4. Consult someone with more experience. When in doubt, seek help. Hire a coach. Ask a friend who has been there/done that. Join my Facebook group! Transformation is much more easily attained with the support of like-minded people. My goal for the group is to create a community of people who are focused on becoming the best version of themselves and helping others along the way!

The Life-Changing Power of Describing Your Ideal Day

This year I have begun to implement an exercise I read about in an entrepreneurship-themed group in which I participate online. The exercise basically calls for writing out how you would envision your ideal day. Since January 1st, I have been setting aside time to do this before going to bed each night. Here is how my process works:

Step 1: I write out a quick schedule of everything I need to do the following day and at what time I would like to begin and finish each task. This part is pretty straightforward.

Step 2: I skip some space below the quick outline of my schedule, and then I list the most ideal things I would like to happen. My list includes very basic things like collecting payment on time from a new client. It also includes major events like purchasing an apartment in a particular community that interests me. It includes gifts I’d like to receive, some obligations (i.e. “mail check to pay off xyz), and will also include charitable contributions I’d like to make [I literally just thought about this now and realized I probably should write those things down here…because generosity is very important to me].

Anyway, that’s basically the way in which I am implementing this strategy; some may refer to it as “daydreaming.” The strategy is also called by other names around various parts of the internet. Generally the same items (along with any new ones I add) appear on the bottom portion of the page until I can mark them off as accomplished.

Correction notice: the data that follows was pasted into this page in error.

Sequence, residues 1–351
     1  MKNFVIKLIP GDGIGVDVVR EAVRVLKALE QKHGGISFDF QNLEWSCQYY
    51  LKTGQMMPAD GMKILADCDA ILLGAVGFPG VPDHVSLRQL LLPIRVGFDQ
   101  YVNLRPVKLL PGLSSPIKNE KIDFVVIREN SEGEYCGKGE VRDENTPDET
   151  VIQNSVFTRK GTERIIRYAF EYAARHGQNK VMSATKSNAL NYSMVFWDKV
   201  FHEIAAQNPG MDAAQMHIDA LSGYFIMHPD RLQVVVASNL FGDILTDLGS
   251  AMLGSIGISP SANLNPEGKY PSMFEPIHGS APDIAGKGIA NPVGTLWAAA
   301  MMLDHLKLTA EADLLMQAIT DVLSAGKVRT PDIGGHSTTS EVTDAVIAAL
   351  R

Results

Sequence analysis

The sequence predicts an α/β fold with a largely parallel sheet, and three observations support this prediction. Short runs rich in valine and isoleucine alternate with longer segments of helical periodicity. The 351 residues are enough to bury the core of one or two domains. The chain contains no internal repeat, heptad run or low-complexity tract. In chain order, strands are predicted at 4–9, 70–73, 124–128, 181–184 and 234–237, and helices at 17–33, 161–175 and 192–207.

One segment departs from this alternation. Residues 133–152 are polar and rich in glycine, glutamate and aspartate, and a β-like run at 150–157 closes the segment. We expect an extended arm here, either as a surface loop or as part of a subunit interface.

This Strategy Can Change Your Life

It absolutely can. Much to my surprise, I found that many of the items on the “ideal” portion of the page were coming to pass and that additional similar events I hadn’t even imagined were beginning to happen. Why did I experience such a dramatic shift? I am a believer in mindset. Once you make up your mind to focus on a certain trajectory, and once you commit to that way of thinking by writing it down and mapping it out, your mindset will begin to shift to accommodate that desired trajectory, and you will begin to do things at the conscious and subconscious level to make whatever you desire happen. The same is true of negative thinking. Therefore,the moral of the story is: be very mindful and intentional with your thoughts. Set your sights and direct your thoughts in accordance with the life you would ultimately like to live.

Productivity Apps to Help You Get Stuff Done in 2K18

It’s a new year. We all, more or less, want to be healthier, wealthier, wiser, and more aerodynamic. I’ve highlighted a selection of productivity apps that will help you keep that fresh new set of resolutions you’ve recently made. All apps are available on Android and iOS.

Apps to Help You Save Time

Blinkist

Addicted to self-help books? Or perhaps you may simply feel like your self could use a loooot of help. No judgment. The Blinkist app may be for you! Blinkist works with non-fiction books and delivers a 15-minute audio or written summary. The app contains more than 2,000 titles by leading self-help authors in categories that include Personal Growth and Self-Improvement, Management and Leadership, Psychology, Communication and Social Skills, and Motivation and Inspiration.